Bad food supplements could be harming top athletes, study finds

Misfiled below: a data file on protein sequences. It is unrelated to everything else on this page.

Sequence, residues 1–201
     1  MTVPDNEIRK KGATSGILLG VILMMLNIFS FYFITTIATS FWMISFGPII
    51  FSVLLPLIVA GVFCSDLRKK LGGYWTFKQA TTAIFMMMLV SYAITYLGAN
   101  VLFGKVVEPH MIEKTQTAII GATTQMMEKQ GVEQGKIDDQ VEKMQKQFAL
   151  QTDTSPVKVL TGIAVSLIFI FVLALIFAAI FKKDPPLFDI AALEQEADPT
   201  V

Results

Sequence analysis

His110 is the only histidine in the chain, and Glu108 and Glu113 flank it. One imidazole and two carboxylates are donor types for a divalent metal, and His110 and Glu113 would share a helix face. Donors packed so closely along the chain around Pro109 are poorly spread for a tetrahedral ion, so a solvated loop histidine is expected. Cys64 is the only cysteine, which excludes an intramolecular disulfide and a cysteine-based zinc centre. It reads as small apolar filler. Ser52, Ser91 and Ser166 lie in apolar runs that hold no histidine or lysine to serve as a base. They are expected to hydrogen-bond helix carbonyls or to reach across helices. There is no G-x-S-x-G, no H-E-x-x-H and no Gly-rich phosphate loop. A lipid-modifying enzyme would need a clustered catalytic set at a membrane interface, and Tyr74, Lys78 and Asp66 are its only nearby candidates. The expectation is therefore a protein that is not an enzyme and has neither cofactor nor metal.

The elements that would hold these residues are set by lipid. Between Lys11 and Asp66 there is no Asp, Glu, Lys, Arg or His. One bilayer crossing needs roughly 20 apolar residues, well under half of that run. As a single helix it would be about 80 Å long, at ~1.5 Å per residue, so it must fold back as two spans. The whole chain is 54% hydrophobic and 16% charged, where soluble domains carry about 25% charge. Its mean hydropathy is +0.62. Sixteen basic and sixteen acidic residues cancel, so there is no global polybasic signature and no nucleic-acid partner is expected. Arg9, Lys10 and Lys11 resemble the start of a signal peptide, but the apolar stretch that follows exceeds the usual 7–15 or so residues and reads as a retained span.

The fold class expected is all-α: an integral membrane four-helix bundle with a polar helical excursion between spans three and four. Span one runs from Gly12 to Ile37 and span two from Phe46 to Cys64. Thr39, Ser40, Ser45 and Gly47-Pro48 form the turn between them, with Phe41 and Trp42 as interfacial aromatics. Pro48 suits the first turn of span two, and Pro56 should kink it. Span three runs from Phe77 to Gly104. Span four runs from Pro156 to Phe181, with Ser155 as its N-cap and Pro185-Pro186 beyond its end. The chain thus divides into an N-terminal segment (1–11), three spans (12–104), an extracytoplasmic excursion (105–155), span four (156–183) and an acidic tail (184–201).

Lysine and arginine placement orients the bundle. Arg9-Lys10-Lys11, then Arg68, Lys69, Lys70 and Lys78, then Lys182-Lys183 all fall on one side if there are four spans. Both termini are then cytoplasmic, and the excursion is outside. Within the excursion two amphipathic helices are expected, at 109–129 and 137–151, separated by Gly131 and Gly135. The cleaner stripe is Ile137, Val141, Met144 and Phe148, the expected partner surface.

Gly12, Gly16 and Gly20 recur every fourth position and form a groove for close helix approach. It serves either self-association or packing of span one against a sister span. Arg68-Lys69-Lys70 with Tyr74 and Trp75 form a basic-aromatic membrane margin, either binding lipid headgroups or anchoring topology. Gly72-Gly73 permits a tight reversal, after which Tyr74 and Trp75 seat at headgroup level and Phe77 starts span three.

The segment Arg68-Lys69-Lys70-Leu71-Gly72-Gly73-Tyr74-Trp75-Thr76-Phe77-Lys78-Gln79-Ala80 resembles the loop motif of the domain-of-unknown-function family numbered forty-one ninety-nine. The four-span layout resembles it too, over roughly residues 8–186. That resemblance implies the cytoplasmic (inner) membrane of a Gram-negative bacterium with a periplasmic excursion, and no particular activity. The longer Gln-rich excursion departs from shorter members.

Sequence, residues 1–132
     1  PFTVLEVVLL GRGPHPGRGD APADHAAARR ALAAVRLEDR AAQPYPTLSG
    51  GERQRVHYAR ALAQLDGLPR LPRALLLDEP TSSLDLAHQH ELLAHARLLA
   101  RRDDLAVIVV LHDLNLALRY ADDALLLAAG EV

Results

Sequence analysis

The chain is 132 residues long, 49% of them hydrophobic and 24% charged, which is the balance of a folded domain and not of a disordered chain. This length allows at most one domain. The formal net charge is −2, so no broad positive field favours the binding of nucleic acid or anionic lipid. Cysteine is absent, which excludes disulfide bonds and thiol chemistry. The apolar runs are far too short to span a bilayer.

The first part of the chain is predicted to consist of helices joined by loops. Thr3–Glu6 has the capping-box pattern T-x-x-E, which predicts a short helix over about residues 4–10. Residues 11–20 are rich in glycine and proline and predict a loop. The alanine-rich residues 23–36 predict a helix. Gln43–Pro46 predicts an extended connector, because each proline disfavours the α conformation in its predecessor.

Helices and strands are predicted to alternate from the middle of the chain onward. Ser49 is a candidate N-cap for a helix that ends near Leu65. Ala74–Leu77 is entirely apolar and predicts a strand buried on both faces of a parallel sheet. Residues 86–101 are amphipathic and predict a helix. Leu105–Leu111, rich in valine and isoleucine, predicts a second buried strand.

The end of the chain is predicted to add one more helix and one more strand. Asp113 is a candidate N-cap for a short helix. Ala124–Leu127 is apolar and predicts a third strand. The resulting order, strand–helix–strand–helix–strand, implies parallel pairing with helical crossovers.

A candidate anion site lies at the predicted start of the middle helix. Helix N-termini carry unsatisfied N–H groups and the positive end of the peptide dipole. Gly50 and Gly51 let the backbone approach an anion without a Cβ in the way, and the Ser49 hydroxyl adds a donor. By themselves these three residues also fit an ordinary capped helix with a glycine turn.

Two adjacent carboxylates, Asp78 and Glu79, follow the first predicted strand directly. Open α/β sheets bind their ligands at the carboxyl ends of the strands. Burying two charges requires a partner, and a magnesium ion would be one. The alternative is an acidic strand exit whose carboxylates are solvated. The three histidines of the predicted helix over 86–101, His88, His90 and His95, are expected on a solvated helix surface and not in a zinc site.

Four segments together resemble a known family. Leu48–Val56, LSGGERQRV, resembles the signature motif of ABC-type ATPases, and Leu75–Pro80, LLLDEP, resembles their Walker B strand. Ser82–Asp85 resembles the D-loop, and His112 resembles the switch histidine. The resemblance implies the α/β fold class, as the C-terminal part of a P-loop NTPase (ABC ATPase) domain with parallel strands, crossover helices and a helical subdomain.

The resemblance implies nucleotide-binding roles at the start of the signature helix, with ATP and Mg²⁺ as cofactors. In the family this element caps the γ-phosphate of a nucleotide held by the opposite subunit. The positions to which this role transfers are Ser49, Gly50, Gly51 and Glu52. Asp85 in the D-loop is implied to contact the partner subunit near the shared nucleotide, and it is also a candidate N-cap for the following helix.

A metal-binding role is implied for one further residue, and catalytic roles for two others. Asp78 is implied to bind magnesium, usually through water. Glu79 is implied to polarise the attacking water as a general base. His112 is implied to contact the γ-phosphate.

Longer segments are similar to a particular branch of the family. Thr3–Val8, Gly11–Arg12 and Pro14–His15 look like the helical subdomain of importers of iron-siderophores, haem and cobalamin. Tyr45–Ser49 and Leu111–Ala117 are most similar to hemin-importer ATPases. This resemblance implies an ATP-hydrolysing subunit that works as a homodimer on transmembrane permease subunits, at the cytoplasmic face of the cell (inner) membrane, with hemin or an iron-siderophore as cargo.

A host of athletes accused of being drug cheats could be the victims of contaminated nutritional substances, according to a scientific report published in Athens yesterday. An investigation, carried out by German scientists and funded by the International Olympic Committee, into legal, over-the-counter supplements found that 15 percent of them contained traces of banned substances including anabolic steroids. «There may be many famous athletes who have been victims of these supplements,» Professor Hans Geyer told the Olympic Congress on Sports Science, taking place in Athens. «Athletes like Merlene Ottey, Linford Christie…» he added. The scientific analysis carried out on 634 legal supplements, including vitamins, minerals and amino acids, purchased in 13 different countries showed them to contain undeclared quantities of up to nine prohibited anabolic agents, known as prohormones. Geyer said the levels of steroids in the supposedly safe supplements would have had no impact on training or performance but would be sufficient to show up in dope testing. The fallout from Olympic gold medallist Christie’s positive test in 1999 for the use of the banned anabolic steroid nandrolone, or norandrosterone, spurred Geyer into action. «We couldn’t believe these athletes took these substances. They are tested very often. It would be very stupid of them to take norandrosterone as it is very easy to test for,» Geyer told Reuters. Joined by his colleagues at the Sports University in Cologne, they began to look into the nutritional supplement market. The results led them to conclude that it was «probable that these athletes were victims.» A rash of doping scandals involving nandrolone from 1998 onward led many national federations to question doping procedures but left athletes facing the burden of proving their innocence. «The athletes back in 2000 did not know the risks,» said Geyer. He said there was no way for doping authorities to distinguish between drug cheats and victims. Nutritional supplements containing performance-enhancing prohormones such as testosterone are banned in Europe but they are available over the counter in the US, where they feed the growing non-competitive leisure market. All prohormone products are prohibited by international sports federations and would show up in dope tests. The IOC study could lead to a battery of lawsuits against the companies producing supplements from athletes whose reputations and careers have been harmed by positive dope tests. The scientists said the likely source of cross contamination came from companies producing both kinds of nutritional product.